Friday, July 21, 2017

Deadeye DickDeadeye Dick by Kurt Vonnegut Jr.
My rating: 2 of 5 stars

"[...] the things the National Rifle Association still says about how natural and beautiful it is for Americans to have love affairs with guns."

Just a few days ago I reviewed the outstanding Bluebeard by Kurt Vonnegut, one of my favorite authors. I find it astonishing that his Deadeye Dick (1982), a seemingly similar novel, with similar motifs and narrative form, is so unremarkable. I almost love the former and I really don't like the latter at all. While Bluebeard is profound, Deadeye Dick is just occasionally amusing. The word "meh" seems to have been created for books like this one.

The novel is sort of an autobiography by one Rudy Waltz. He is 50 years old now and recounts his childhood and youth in Midland City - the archetypal middle-America town - in the archetypal middle-America state of Ohio. Rudy's youth was not typical at all, though: he and his brother were conceived in Austria,
"in a von Furstenberg bed, with a coat of arms on the headboard, and with 'The Minorite Church of Vienna' by Adolf Hitler, on the wall over that."
Rudy's father was enamored with Hitler's ideology and until World War II considered Hitler his friend.

But Hitler and Nazism are only incidental in the novel. We learn that Rudy had killed two people in Midland City. No, he is not in prison; he has not been punished by law and works as a pharmacist. But wait, there's more. At some point Mrs. Roosevelt - the wife of the 32nd President - visits Rudy's family and has a lunch of chitlins with them. Also early in the novel we learn that Midland City, Ohio, was the location of the nuclear blast, which killed one hundred thousand people but - since it was a neutron bomb - the houses, infrastructure, and personal things were not damaged at all. So we have a radioactive mantelpiece but also the dangers of amphetamine and brain cancer, and we have Rudy's brother who is the top executive of NBC. All these components could conceivably be combined to form a fascinating novel. Yet they sum up to an awkward and unfocused mess that does not make much sense, at least to me.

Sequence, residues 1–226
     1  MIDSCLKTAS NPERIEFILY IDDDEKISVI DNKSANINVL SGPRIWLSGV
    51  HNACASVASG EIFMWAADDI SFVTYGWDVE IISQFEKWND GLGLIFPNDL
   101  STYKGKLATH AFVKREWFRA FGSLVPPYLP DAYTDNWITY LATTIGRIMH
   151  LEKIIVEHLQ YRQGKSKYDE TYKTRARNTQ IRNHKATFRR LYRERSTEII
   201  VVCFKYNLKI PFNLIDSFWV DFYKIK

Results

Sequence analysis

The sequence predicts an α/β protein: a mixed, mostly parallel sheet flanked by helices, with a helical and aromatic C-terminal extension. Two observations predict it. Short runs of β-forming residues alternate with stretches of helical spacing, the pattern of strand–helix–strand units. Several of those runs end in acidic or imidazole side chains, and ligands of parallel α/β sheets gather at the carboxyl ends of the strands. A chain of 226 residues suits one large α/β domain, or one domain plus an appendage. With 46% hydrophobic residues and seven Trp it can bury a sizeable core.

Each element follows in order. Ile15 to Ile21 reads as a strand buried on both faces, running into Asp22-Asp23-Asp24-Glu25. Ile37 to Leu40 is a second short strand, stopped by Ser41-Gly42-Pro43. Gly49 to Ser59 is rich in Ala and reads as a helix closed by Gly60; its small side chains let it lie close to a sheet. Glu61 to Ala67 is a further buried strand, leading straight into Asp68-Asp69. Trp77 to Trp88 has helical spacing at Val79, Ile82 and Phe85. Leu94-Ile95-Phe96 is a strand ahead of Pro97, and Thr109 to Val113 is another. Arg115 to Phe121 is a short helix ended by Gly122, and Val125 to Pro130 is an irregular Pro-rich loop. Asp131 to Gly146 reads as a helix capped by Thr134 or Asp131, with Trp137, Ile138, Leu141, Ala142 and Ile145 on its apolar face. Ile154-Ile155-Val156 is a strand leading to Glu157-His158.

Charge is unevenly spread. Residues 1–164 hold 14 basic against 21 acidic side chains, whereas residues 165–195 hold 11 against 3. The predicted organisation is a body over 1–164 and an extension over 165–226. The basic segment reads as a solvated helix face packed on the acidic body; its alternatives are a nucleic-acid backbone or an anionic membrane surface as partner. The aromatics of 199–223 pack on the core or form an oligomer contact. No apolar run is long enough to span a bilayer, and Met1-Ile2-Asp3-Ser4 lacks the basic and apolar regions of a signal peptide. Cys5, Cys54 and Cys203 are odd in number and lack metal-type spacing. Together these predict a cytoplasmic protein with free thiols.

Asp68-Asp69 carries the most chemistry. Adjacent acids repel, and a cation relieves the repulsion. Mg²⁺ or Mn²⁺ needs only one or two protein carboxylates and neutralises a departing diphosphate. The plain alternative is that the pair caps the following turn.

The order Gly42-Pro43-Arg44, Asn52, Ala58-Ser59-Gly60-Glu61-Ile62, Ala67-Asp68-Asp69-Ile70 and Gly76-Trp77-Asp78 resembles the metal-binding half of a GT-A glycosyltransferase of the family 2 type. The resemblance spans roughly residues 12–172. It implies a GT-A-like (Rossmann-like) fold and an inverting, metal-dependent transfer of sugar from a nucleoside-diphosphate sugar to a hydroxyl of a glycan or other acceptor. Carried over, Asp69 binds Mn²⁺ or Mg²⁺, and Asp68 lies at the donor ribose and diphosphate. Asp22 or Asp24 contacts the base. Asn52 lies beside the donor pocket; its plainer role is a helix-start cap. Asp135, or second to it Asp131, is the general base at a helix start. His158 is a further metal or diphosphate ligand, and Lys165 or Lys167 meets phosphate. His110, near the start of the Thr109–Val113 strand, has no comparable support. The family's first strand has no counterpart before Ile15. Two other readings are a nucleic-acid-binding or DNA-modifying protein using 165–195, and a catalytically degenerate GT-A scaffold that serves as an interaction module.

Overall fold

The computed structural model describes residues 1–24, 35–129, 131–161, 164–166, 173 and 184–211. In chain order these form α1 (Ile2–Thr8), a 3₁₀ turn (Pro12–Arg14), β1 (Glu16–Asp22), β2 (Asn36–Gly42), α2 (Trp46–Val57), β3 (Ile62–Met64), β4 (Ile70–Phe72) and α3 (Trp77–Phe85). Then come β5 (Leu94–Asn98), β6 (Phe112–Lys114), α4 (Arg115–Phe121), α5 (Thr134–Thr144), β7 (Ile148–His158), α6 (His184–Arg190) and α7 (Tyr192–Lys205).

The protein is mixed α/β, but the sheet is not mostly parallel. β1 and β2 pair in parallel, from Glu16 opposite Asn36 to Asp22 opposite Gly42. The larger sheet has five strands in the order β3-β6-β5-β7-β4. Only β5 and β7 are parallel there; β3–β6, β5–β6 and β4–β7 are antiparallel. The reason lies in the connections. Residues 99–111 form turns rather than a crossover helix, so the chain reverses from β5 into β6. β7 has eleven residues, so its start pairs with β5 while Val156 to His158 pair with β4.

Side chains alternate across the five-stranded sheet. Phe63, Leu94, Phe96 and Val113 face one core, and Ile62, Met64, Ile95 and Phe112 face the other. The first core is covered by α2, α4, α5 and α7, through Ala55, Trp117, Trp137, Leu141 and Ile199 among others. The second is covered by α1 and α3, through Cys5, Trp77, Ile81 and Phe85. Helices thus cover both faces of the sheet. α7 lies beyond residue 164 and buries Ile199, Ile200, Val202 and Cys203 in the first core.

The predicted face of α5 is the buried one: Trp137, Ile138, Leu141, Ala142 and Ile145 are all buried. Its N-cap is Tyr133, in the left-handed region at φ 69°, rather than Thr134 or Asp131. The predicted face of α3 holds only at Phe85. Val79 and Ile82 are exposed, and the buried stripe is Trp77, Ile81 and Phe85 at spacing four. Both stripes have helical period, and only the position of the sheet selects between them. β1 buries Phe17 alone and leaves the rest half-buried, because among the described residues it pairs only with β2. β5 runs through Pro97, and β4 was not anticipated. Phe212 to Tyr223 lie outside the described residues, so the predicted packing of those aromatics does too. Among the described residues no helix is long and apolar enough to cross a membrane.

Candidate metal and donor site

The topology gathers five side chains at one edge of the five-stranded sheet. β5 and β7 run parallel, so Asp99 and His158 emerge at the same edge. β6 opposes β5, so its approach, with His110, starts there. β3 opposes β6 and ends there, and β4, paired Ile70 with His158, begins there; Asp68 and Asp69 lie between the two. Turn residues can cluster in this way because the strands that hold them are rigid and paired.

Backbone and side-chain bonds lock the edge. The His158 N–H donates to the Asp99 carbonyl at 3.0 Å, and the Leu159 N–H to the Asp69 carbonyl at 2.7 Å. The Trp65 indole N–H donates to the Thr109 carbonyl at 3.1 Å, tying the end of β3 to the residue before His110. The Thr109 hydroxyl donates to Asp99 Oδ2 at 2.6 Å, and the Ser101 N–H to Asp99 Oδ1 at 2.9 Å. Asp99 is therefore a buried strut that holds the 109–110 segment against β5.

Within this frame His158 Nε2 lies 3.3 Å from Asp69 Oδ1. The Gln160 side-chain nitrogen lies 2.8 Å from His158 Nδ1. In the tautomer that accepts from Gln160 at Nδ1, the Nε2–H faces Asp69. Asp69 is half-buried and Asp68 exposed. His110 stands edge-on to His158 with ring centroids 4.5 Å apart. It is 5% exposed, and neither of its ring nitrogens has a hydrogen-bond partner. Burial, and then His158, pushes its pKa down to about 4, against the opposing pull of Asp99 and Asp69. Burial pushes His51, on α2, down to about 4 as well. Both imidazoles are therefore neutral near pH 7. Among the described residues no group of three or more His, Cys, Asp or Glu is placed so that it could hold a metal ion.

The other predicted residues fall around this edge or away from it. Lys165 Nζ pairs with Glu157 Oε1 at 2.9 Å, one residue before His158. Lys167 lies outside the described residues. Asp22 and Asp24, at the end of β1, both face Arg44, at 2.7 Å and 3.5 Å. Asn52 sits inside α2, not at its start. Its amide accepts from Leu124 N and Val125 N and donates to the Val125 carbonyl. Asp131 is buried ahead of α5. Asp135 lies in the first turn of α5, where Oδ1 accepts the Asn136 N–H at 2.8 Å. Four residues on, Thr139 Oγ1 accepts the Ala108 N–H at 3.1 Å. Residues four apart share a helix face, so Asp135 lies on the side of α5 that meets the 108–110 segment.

The motif of failure in life is closest to feel compelling: a failed painter, failed playwright and failed parents are essential components of the story, and since all of us fail in our lives in some way, at least this theme is highly realistic. The novel also carries a loud (yet too simplistic to be convincing) anti-gun message, but the bizarre plot saps all power from it.

The author attempts to enrich the non-linear but rather straightforward narration by the use of "playlets" written in the form of play scripts. I find this device a failure: the playlets do not blend with the text. Neither do the culinary recipes that are used as interludes, but at least the reader can try them out in practice, like the one for chitlins. Of all the unrelated threads in the novel I really like only one - the Celia Hildreth story: the vivid scene that portrays Rudy's brother's failure to get her to be his prom date is the highlight of the novel. I also like the last sentence of the novel and the author's private joke: a reference to Rabo Karabekian, the protagonist of Bluebeard. The greatness of that novel stands out even more when compared to the mediocre Deadeye Dick.

Two stars.

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